Um … and it tells the story of this hiding place in the house, this small place where they would hide the Jews. And then it tells the story of how finally uh … the Nazi’s caught up with them and put them in concentration camps. Women went to Ravensbruck. Um … Corrie’s sister eventually dies, but Corrie … if you think Corrie ten Boom, this is what’s so humbling, you … we think of Corrie ten Boom as this giant of the faith, but she’s a midget compared to her sister, who is such a giant of the faith that all of us think, oh, my gosh. Her sister was such an inspiration to Corrie, right. So, it puts things in perspective.
Jim: And she was an older sister.
Eric: If Corrie’s amazing … it was an older sister, but this is the kind of faith the oldest … this is the older sister who died. She had the kind of faith that this is what she said. They would do Bible studies.
Now imagine in the stinking barracks where they’re sleeping on rotting straw with lice, okay. And her sister, they’re reading through the Scriptures and it says uh … I don’t know the reference. You guys probably will, about wha … you know, thank God for everything. Thank God in all things and that …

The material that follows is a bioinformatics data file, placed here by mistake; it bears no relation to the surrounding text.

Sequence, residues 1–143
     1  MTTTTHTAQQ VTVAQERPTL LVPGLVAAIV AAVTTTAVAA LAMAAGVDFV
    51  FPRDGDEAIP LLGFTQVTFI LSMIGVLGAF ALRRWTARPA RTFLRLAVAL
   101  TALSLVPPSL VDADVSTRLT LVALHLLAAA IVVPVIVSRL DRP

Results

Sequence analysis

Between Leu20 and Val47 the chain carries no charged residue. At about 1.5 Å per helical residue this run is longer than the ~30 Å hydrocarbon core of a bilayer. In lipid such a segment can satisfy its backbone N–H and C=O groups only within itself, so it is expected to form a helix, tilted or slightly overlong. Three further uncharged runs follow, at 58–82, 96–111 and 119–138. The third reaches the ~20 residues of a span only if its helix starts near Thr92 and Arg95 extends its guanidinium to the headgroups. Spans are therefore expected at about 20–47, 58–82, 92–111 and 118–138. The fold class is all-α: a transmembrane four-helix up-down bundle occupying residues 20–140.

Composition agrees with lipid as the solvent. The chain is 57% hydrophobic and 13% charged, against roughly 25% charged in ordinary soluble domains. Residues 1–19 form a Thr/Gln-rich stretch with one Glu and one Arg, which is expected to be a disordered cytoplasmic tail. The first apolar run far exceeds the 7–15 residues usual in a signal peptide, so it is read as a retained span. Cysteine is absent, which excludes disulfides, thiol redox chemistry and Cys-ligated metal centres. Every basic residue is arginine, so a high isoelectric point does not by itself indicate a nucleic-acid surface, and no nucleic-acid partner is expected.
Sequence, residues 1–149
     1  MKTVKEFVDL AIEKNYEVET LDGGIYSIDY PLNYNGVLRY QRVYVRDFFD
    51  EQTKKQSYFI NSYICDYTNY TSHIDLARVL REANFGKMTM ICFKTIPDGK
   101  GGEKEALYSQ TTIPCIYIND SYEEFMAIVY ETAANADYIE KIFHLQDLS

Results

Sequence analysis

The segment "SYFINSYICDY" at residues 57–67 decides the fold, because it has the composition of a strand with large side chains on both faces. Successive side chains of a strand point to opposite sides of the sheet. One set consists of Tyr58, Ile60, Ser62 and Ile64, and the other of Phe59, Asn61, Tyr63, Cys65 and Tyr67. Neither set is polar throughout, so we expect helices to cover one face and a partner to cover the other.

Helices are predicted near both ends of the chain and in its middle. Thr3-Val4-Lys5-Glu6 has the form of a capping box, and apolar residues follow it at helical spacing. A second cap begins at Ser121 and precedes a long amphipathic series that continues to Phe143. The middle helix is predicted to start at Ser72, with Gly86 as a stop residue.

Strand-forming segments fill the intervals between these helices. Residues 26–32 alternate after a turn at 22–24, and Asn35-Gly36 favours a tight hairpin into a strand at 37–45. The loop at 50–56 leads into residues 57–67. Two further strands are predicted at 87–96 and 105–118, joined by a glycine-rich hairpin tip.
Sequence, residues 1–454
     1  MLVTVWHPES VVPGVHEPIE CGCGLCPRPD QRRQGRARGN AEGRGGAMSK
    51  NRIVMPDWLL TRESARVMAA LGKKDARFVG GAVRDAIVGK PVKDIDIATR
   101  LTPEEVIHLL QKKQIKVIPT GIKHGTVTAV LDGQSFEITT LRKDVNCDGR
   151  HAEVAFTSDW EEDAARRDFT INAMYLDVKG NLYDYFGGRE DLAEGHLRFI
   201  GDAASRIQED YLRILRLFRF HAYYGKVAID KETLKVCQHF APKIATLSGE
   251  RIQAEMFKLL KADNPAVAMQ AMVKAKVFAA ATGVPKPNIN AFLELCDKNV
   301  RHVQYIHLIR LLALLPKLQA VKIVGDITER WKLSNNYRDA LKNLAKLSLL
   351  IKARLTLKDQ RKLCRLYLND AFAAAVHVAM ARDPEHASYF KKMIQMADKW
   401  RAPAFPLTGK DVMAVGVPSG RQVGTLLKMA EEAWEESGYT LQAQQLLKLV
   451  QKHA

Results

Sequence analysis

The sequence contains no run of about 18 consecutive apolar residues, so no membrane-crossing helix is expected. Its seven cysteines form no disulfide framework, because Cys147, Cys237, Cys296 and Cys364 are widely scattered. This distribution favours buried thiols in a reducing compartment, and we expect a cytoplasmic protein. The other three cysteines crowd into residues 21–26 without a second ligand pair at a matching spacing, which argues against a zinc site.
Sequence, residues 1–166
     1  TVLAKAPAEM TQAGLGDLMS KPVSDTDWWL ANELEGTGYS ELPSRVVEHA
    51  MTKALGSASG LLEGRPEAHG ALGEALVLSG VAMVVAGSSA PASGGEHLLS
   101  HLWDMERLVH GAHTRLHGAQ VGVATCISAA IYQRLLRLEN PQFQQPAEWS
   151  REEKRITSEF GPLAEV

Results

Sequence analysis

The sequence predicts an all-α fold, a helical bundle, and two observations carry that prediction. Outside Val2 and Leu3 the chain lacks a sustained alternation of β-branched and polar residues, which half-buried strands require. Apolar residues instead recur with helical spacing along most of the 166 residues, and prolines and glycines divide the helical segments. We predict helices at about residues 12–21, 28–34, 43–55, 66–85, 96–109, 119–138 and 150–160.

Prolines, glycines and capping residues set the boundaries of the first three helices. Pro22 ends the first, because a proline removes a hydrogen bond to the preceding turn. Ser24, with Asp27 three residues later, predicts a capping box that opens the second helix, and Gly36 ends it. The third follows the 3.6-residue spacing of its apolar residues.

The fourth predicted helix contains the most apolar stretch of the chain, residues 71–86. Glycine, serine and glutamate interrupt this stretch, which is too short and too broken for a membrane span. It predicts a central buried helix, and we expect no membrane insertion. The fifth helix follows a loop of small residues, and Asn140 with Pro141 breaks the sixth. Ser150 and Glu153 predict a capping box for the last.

Eric: And her sister had the kind of faith where she said, “Corrie, we need to thank the Lord for these bed bugs and for these lice.” And Corrie’s like, “Listen, I believe in the Scripture, but come on; are you kidding me? We’re supposed to thank the Lord?” And she says, “I really believe that if we’re obedient to what God says, we can’t go wrong. And it really says that. There’s gotta be … God must know something that if we have thankful hearts and thank Him even for our suffering, even for the worst things, whatever.”